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We are all in need of God’s Help

Ephesians 3 vs14-21

 

A sermon preached by Canon Simon Everett

on Sunday, 29th July 2018

at Lady St Mary Church, Wareham

 

On Wednesday evening this Week past I had a most extraordinary evening.  Along with some members of one of the house groups, I went to Brownsea Island to the open-air theatre, where they were performing Shakespeare’s  ‘Titus Andronicus’.  If you don’t know the plot let me tell you it is the most blood thirsty, violent and gruesome tale that you are ever likely to see on stage.  The plot revolves around the eponymous character Titus Androncius (a Roman General) who triumphantly returns from war with the Goths, it then goes downhill from then on with executions, seductions, mutilations, rape, murder, betrayal, bloodlust, adultery and a good deal more besides.

You are probably wondering why on earth I would go to see such a play.  The reason for going was because one of the House group was involved in making the costumes and the make-up.  I can assure you this is not normal viewing for your Rector!  But it goes to show the lengths we clergy will go to support our parishioners!

On the way home we were thinking what edification could we take from an evening of such violent drama.  Apart from the beautiful English spoken and the good acting, the only other positive we could see was in fact a negative, and that was that it was the total antithesis of all that the Christian Gospel stood for!  It showed how revenge and evil can so easily self-perpetuate and become increasingly bitter and destructive.

The blood of Christ shed on the cross for us breaks the cycle of violence and despair that so often leads to hatred and revenge.  But even then we need the help of the Holy Spirit to help us see this through.

The central message of the epistle to the Ephesians is recognising the wonderful things that we have through Christ and how we as individuals and his Church should respond and can respond.  He explains that this is part of an unfolding mystery that was seen through the Psalms and the prophets, but was only fully revealed when Christ came to live among us and die for us.  Paul now has been given the responsibility of sharing and explaining this to the Gentiles (those who once were considered outside of God’s mercy and saving grace). (Eph 3:1-13)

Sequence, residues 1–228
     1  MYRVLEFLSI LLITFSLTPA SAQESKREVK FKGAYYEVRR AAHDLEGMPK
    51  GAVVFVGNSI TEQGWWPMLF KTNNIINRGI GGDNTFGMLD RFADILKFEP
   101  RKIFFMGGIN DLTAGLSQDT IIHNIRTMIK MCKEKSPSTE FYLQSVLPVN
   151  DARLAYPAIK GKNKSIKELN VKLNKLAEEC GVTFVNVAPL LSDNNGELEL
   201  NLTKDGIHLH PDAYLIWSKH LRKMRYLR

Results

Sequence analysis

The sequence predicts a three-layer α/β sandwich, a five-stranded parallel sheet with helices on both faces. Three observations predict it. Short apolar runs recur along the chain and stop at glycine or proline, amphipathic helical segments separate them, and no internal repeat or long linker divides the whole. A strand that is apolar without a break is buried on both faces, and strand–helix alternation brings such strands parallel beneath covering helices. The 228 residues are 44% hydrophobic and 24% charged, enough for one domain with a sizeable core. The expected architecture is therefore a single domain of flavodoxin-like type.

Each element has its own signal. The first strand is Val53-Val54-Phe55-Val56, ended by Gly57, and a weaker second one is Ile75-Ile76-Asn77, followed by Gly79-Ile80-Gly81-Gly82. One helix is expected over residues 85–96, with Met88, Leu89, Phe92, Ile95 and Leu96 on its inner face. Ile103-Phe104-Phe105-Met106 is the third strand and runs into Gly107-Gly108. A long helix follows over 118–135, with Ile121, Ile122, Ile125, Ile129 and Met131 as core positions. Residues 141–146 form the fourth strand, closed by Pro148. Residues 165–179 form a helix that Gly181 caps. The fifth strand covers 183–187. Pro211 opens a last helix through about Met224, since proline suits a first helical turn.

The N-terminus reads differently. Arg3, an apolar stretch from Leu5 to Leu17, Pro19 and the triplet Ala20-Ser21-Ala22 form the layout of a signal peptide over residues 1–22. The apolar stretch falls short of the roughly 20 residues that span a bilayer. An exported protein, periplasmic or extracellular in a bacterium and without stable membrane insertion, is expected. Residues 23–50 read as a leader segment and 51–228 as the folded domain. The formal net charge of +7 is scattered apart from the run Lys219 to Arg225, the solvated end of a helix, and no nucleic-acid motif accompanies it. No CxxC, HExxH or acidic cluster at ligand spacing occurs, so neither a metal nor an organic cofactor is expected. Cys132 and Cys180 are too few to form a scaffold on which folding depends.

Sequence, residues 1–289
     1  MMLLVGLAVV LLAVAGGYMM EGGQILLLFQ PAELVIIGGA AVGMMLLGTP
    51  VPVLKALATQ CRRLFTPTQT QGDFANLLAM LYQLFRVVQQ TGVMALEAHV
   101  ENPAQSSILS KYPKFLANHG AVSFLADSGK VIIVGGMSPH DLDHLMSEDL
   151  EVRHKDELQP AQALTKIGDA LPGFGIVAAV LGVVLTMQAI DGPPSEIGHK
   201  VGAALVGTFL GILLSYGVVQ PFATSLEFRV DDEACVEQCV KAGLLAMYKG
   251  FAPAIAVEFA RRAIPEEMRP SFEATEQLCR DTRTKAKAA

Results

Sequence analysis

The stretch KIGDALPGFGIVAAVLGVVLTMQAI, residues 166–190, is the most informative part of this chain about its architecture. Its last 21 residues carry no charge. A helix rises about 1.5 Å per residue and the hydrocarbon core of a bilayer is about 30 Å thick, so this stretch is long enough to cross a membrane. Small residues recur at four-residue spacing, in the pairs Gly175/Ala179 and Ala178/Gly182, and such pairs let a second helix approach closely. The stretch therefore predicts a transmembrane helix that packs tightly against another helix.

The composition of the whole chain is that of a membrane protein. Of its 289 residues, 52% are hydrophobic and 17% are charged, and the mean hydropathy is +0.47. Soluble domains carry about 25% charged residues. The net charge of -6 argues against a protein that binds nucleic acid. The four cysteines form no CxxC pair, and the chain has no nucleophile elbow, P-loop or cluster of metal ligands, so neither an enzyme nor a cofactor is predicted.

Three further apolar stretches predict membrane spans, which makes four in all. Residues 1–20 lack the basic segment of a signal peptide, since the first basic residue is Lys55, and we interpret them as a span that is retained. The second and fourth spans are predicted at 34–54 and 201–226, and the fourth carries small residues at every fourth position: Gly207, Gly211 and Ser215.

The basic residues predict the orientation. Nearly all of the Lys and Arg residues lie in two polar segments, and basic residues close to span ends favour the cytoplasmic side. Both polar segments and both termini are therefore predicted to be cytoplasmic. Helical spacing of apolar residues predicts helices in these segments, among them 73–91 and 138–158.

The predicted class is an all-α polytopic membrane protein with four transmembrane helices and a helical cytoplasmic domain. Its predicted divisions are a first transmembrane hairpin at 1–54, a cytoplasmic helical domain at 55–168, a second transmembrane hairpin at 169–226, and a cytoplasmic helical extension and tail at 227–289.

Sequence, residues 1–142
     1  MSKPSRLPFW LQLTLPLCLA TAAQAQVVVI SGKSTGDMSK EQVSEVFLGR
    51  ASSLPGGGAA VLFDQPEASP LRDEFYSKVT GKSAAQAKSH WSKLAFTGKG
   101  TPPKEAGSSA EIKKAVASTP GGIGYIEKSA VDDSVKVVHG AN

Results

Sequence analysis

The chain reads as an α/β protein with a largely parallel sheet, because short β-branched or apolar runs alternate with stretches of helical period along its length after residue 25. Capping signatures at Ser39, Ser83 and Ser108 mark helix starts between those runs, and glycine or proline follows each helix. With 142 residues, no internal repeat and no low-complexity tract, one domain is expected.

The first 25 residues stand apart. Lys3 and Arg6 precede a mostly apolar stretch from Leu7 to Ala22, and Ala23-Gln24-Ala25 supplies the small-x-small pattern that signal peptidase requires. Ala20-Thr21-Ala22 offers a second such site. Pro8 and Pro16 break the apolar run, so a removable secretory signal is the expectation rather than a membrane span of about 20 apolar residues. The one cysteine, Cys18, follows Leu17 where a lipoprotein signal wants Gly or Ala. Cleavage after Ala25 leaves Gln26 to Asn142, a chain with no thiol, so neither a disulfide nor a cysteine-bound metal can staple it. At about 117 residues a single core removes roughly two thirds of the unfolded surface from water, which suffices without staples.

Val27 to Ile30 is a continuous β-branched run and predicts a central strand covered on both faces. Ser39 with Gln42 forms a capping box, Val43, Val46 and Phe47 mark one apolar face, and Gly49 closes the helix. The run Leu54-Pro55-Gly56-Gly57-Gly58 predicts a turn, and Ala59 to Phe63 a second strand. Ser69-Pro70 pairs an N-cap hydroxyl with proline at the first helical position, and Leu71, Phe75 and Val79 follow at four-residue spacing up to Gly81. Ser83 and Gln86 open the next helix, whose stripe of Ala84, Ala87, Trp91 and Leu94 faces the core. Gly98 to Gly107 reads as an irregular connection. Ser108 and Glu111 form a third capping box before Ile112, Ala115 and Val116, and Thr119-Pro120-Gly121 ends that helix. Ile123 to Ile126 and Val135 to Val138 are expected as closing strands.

From reading this epistle and others, it is clear that this excites Paul greatly and inspires him to keep going, even when he faces hardships.  The epistle to the Ephesians is written whilst he is a prisoner, probably in Rome. (v1)  But rather than languish and feel sorry for himself Paul put this time of incarceration to good use.

Over the past two weeks we have heard how Paul glories in the life and death of Jesus and the salvation he has won.  He can barely restrain himself when pondering the greatness of God and how he has made Jew and Gentile one, thus uniting humankind, through the blood of Christ (seeing them now as one family (v15)).

The opening of this epistle celebrates this in prayer and praise and now in the second part of chapter three, Paul cannot stop himself from turning to prayer once again – this time for the Christians of Ephesus.

 ‘For this reason I kneel before the Father, from whom every family in heaven and on earth derives its name.  I pray that out of his glorious riches he may strengthen you with power through his Spirit in your inner being, so that Christ may dwell in your hearts through faith.’ (v14-17)